My grandmother in Hatherleigh lost four at about that time. Two of diptheria
in 1891, one in 1900 which could have been scarlet fever and one in the
following year of whooping cough. She had eleven children in all and only
five survived her. It was a hard life.
From: Glynis Turner <bjturner(a)northnet.com.au>
To: DEVON-L(a)rootsweb.com <DEVON-L(a)rootsweb.com>
Date: 30 May 2000 23:38
Subject: Re: Medical Disaster
Maybe an outbreak of Polio or of Scarlet Fever?
Or something equally nasty which we thankfully don't think about now due to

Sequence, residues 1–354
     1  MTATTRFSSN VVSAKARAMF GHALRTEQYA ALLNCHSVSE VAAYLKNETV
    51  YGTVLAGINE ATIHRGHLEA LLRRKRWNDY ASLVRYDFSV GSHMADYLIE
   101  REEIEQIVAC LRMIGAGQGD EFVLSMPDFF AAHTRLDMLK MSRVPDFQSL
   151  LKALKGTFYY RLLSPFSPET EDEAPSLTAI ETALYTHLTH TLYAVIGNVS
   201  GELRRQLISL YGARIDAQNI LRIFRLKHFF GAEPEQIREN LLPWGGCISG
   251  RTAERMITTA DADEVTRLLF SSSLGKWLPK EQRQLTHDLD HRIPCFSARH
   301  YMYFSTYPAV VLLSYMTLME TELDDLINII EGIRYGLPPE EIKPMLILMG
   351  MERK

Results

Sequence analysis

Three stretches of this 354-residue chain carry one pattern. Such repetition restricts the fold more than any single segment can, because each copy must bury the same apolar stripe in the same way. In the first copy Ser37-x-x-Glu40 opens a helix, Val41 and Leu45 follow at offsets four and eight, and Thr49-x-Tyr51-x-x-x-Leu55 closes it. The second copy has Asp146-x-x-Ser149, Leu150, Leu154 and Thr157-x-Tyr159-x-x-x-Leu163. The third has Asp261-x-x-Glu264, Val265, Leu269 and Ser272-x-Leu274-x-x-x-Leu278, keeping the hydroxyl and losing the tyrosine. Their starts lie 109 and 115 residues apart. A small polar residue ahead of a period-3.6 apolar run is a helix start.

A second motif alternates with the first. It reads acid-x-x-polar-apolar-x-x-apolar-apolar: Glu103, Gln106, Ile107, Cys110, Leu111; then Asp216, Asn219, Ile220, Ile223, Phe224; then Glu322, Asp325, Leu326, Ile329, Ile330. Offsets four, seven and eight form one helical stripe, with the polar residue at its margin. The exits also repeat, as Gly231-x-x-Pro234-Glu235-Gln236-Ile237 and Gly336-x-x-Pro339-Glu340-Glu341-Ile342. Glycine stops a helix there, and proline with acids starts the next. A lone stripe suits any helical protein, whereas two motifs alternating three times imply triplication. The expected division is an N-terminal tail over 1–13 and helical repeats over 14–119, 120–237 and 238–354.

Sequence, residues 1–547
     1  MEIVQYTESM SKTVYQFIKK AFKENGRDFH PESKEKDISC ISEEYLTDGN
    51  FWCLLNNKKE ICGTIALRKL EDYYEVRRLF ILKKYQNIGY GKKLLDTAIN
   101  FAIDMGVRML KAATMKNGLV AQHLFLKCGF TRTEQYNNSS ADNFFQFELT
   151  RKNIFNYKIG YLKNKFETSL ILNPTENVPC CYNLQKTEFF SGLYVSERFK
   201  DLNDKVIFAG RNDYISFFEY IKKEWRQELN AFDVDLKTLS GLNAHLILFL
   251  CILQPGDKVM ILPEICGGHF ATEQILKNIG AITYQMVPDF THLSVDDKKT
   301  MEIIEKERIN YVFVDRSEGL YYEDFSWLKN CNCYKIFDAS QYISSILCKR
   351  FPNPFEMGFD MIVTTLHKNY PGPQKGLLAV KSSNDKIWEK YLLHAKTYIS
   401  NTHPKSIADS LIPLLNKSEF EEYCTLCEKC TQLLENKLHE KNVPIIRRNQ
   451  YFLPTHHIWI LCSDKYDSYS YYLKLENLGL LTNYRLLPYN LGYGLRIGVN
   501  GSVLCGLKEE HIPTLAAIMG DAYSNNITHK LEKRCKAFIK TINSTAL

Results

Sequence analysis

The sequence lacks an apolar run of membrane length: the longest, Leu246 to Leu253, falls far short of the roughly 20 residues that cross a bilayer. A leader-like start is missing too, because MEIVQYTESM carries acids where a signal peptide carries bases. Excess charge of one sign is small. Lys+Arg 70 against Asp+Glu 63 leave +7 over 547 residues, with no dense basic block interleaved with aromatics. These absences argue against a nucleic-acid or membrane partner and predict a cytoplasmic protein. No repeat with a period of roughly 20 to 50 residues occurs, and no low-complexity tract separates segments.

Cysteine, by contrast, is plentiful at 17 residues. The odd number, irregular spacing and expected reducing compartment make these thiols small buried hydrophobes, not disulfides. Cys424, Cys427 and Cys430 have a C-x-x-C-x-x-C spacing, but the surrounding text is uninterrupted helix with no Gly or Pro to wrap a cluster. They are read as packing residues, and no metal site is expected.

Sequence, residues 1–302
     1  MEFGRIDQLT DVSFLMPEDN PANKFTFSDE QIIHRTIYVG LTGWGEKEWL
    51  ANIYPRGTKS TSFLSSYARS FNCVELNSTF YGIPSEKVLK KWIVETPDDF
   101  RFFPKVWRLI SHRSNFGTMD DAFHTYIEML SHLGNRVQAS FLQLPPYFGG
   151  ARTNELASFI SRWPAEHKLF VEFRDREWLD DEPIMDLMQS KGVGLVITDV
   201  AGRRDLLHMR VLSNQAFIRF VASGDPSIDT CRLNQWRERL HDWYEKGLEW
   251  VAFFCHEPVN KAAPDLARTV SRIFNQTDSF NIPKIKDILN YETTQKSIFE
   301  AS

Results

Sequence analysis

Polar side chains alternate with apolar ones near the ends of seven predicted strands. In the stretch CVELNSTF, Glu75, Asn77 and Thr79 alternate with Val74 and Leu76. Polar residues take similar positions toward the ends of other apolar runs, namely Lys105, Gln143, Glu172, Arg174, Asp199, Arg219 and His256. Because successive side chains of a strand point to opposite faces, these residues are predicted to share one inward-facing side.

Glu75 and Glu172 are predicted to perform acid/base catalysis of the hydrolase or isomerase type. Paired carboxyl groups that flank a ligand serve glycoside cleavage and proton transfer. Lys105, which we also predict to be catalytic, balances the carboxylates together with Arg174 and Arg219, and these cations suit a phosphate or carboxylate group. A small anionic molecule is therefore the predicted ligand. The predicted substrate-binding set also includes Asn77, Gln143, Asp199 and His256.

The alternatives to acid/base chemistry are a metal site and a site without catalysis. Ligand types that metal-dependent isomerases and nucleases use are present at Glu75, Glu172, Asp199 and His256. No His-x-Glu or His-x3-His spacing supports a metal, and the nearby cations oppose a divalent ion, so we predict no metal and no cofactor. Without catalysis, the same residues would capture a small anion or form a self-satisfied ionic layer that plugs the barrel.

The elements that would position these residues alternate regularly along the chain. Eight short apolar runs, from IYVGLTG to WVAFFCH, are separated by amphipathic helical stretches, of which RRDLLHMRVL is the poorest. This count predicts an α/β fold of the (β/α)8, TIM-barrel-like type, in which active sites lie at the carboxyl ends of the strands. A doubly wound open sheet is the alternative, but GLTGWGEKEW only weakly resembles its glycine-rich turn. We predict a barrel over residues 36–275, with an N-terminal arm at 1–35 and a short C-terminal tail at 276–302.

> From: LLPENS(a)aol.com
> To: DEVON-L(a)rootsweb.com
> Subject: Medical Disaster
> Date: Wednesday, 31 May 2000 5:36
> I had responded directly to Andy about the flu epidemic, but it looks as
> others are not sure of the dates. It was at its worst 1918 to 1919, right
> after the First World War. The story is that the returning soldiers
> the infection home with them. At least this is true in the States. I
> know if the flu epidemic started earlier or lasted longer in England.
> Lois from Malibu